First, I have read that front ported speakers are not sonically viable. Any credence to that minority opinion?
There's all sorts of misconceptions or beliefs about the audibility of ports vs. sealed speakers. Is there another myth that the position of the port matters?
Second, I am finding them enjoyable in my near-near field garage system.
Then why on earth ask others if they sound good? Your ears are the only one’s that matter when buying.
Looking to add a third under $800, new or used. Any suggestions?
Really not sure what you are doing here. Are you collecting speakers to have different listening experiences, or are you looking to improve something you feel missing?
Only heard the Triangle’s ages ago with a McIntosh stack. Painful ear drills to me, but again, your ears matter more than mine. Maybe letting us know what you like of your current speakers, and what you’d like more or less of would give you better suggestions.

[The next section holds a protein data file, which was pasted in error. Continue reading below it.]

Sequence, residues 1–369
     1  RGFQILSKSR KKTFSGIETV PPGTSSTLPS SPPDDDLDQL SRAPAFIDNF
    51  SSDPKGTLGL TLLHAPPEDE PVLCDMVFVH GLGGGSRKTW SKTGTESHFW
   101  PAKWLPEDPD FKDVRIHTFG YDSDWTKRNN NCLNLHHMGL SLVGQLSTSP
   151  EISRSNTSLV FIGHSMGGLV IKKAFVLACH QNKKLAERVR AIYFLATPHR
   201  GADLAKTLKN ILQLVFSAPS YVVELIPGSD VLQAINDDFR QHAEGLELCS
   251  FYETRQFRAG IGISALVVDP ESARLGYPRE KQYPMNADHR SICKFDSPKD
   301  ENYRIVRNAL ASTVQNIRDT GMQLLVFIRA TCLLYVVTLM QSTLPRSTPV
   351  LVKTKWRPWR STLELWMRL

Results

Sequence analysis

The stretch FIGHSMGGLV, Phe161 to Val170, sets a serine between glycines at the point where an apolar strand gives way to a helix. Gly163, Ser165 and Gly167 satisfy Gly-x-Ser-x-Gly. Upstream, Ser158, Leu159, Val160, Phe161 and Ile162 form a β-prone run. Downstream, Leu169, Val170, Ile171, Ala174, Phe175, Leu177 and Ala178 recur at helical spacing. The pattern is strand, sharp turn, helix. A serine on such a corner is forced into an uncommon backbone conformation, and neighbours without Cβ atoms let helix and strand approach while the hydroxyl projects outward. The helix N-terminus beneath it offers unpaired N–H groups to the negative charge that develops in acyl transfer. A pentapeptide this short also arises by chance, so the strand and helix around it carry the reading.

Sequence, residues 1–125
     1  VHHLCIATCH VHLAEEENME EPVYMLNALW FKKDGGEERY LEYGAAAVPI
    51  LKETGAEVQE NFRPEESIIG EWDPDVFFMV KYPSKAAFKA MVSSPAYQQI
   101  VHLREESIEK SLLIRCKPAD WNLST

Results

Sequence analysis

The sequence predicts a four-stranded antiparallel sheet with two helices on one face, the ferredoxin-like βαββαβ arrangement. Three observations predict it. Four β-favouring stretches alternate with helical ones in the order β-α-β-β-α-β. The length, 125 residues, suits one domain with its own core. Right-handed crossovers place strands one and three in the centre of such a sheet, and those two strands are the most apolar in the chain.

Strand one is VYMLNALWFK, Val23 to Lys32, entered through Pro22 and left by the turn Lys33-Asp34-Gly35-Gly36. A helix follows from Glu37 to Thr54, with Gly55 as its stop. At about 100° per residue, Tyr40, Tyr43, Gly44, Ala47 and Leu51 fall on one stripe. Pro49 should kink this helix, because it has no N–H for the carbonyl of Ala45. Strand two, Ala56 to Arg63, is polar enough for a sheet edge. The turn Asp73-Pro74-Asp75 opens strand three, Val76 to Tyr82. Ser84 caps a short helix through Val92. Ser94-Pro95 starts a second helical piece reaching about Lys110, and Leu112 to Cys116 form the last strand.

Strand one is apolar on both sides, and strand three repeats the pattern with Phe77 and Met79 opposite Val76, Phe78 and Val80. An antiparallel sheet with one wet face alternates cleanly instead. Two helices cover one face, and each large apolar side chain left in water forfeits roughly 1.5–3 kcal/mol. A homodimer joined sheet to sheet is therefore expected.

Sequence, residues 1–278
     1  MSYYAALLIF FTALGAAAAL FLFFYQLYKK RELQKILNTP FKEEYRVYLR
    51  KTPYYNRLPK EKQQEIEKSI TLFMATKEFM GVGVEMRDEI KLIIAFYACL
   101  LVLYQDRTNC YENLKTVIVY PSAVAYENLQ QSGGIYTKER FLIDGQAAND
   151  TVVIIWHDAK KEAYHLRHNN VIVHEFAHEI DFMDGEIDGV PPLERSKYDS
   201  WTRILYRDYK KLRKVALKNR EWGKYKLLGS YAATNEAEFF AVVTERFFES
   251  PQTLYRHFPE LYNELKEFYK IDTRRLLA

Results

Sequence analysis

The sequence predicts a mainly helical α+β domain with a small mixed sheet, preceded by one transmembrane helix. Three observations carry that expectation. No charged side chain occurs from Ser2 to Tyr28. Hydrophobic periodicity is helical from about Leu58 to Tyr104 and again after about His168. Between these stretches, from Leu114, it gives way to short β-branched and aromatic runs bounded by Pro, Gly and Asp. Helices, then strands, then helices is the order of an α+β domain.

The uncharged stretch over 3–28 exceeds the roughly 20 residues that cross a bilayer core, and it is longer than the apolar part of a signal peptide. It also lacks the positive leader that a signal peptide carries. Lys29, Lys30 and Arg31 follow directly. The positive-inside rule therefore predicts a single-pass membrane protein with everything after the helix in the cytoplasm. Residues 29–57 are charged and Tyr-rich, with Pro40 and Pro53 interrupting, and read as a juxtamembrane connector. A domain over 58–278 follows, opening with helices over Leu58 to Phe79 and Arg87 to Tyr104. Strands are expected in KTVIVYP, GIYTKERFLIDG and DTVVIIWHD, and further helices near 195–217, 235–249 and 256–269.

In my experience front ports interact with the room differently than rear ports. Since all of the bass is coming out the front the in room bass response is more uneven with front ports.
Can you give me an example of a front ported speaker you feel this is true for?
I had a pair of B&W N804s about 15 years ago and they excited room resonances far more than other speakers I had in the same location.
My Harbeth Super HL5 Plus seem to be pretty "viable". Spend a little more and get some Harbeth P3ESR speakers if you want some small speakers for near-field listening and sell the rest of your collection to help fund the purchase.
The best imaging most enthralling speakers I ever heard were the front ported Linaeum Model 10. For a more recent example, Tekton seems to be taking the audio world by storm. I really never heard of this crazy front ported rule thing before.
A fairly safe rule of thumb is any time you hear someone say something technical is never the way to go, listening to them is probably never the way to go.
Unless, of course, its me.
I had a pair of B&W N804s about 15 years ago and they excited room
resonances far more than other speakers I had in the same location.